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the traffic is at least getting by now on i-270 after a trash truck went up in flames. workers dumped trash from the back of the truck onto the fire to help put it out. there's foam all over the place and trash. at one point all southbound lanes were closed, but traffic is now getting by, as we said. >> bet it smells, too. one northbound lane is now open near the gw parkway near spout run after an overnight
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accident. both lanes were shut down during the morning rush. u.s. park police say an engine somehow dropped out of a tour bus. the parkway was closed from that spout run exit to the ramp leading to the cia. the closure lingered into the day because crew there's to clean up 10 gallons of oil. a florida man accused of shooting at george zimmerman faces an attempted murder charge. >> matthew apperson had been charged with aggravated assault and battery for firing a gun into zimmerman's car during a traffic run-in last month. zimmerman suffered minor injuries. today the prosecutor upgraded those charges to attempted second degree murder. a jury acquitted george zimmerman in the shooting death of trayvon martin now two years ago. straight ahead a woman will be on the face of u.s. currency, but there's a twist. >> plus the woman who was sexually assaulted by the hannah graham murder suspect was back in court. peggy fox tells us why and what she is saying at 5:30. >> also the latest on the
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church tragedy in south carolina. >> plus a frank discussion about race relations in the u.s.
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always watching always tracking, wusa9's first alert weather, d.c.'s most accurate. >> our yellow alert continues as does our severe weather. we still have a flash flood until 7:00 through the district. these are monster storms pushing into the district and now prince george's county headed into southern maryland. we have some new severe thunderstorms which includes our friends in anne arundel county, calvert and prince george's county until 6:00. the main threat with these is some hail. we think hail could be over 1.5 inches, bigger than a quarter. these are monster storms also in terms of rain. look at all lightning strikes between upper marlboro and bowie south of 50. there's over 180 in the last 10 minutes. heavy rain in d.c. to the
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airport, clinton to brandywine and heavy rain going out upper marlboro heading to annapolis. check out the hail, 1.7 inches right here southwest of clinton. so severe torm warnings in effect for calvert county and prince george's county until 6:00. you can always go to our website and track these with us. download our free app. tonight the fbi and other investigators are interviewing dylann roof, the young map accused of killing nine -- man accused of killing nine people last night inside a church in charleston, south carolina. >> police say he sat for an hour in bible study class and then opened fire, killed nine people and ran. officers arrested roof act ago a tip -- acting on a tip in the town of shelby, north carolina, about 250 miles from charleston. witnesses to the shooting say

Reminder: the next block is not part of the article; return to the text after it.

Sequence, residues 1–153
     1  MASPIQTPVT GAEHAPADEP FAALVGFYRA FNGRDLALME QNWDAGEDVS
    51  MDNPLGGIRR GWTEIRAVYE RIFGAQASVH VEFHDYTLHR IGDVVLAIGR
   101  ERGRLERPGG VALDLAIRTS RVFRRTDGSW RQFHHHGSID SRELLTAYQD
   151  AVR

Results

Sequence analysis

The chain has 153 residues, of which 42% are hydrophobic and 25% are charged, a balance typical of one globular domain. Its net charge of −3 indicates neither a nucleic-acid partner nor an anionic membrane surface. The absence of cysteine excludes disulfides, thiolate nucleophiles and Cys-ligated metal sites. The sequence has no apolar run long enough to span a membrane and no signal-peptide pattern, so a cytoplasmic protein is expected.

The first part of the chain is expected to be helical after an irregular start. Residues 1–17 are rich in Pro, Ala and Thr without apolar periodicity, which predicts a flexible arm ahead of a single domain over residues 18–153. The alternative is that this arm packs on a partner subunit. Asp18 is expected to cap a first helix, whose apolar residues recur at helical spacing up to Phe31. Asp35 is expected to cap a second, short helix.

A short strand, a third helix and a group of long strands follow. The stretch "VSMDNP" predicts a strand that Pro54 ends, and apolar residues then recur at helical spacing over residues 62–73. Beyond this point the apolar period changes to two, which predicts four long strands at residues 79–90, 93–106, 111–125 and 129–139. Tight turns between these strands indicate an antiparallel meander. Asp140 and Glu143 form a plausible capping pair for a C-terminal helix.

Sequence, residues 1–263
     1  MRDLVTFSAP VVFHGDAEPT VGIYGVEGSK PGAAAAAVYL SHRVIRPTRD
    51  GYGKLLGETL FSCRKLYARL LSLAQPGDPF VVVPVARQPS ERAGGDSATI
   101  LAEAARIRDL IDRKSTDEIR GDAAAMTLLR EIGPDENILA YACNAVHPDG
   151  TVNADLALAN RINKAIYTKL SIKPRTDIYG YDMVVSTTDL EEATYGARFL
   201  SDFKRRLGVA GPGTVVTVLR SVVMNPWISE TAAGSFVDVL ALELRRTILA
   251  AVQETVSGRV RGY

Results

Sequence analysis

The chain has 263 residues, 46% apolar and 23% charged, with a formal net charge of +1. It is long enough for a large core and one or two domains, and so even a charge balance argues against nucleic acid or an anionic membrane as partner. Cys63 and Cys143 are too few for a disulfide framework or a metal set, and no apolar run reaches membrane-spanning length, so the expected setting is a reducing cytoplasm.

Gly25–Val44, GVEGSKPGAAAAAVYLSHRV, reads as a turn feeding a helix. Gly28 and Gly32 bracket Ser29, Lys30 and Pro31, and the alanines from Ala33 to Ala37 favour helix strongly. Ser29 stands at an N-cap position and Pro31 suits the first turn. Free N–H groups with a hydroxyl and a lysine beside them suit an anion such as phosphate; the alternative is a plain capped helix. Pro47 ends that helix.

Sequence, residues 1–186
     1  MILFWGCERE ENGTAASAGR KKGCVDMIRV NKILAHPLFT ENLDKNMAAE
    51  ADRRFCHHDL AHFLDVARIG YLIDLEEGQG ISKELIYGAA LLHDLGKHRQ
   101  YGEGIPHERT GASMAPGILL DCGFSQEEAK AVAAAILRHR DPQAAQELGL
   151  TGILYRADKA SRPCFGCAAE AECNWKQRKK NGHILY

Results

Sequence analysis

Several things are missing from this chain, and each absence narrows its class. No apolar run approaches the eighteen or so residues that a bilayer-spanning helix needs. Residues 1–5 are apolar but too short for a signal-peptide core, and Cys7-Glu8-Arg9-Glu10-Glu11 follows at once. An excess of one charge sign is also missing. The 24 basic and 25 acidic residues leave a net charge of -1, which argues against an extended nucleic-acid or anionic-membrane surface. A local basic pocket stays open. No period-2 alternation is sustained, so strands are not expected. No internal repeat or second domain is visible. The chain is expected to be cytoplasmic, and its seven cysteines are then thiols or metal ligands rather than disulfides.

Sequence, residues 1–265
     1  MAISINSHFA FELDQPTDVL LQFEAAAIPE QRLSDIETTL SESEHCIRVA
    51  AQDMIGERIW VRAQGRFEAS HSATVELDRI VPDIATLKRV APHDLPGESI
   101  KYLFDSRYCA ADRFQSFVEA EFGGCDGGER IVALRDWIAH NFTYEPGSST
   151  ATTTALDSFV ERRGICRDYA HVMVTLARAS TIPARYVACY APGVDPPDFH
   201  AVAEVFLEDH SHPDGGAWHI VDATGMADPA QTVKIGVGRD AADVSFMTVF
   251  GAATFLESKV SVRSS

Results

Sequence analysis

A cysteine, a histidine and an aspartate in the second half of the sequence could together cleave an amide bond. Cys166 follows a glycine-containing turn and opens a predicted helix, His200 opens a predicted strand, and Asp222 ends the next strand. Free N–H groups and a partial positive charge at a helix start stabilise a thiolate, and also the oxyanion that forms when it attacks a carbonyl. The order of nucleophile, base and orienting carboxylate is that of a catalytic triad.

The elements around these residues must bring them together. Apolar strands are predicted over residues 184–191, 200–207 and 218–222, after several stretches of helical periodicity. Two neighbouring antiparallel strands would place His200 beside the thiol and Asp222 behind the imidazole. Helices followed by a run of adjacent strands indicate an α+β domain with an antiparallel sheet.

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roof yelled racial epithets during the massacre. the church massacre is not helping worries about escalating racial tensions in the country. >> our bruce johnson is live tonight at the metropolitan church in downtown d.c. where a distinguished panel of efforts has gathered to talk about this. >> reporter: it's not just about race here and although there is a suspect in custody, that does not end this discussion. we'll start and go down with the group. let's start with andy shalaal, local businessman. >> i think we keep thinking of this person as a lone wolf, but he's really a reflection of our society that refuses to heal from its original sin and mental illness of racism and slavery. unless we deal with that issue and talk about these issues publicly, we will continue to find these types of things thanking. >> reporter: to piggyback on that, not everybody who has a
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mental illness resorts to this kind of act. pat smith? >> one of the things, part of the irony and the tragic sadness of this is that the church is for people with issues and here it is that a place where there are for bible study, prayer anybody is welcome and this would be the place where such a tragedy would happen i think is a really ironic tragedy to this. >> reporter: rabbi? >> hi. i think what comes to my mind is the idea that this highlights for us. [ audio difficulties ] >> sotechnical difficulties as we were getting really interesting discussions that bruce was helping facilitate. we'll try to get back to that. back there now, chris? >> let's get back there right now. >> reporter: we'll pick that up. rabbi, go ahead. i think they corrected whatever the problem was. >> i think it's time to have a national conversation about this and not sweep this under the rug and say oh, this was a
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lone person or someone with mental illness or this is a stand alone case. i think that it's been more past the time that we need to have a conversation about what i see actually as a war on the african american individual in this country. >> reporter: let's talk to the lady here. your grandfather, you're a member of metropolitan, amy. >> i am. >> reporter: your grandfather was pastor of mother emanuel church in charleston. >> yes. >> reporter: personally what is going through your mind here? >> i'm sick. i wanted to cry all day. i barely slept. 50 years ago i was arrested on a beach outside charleston that was closed to avoid immigration. i was getting african americans registered to vote. now they can vote, but it's still open seasonnous. now they come into our church and shoot us. >> reporter: you remember birmingham? >> i do. >> reporter: name and title and tell me what you've been thinking. >> i'm sheryl sanders, pastor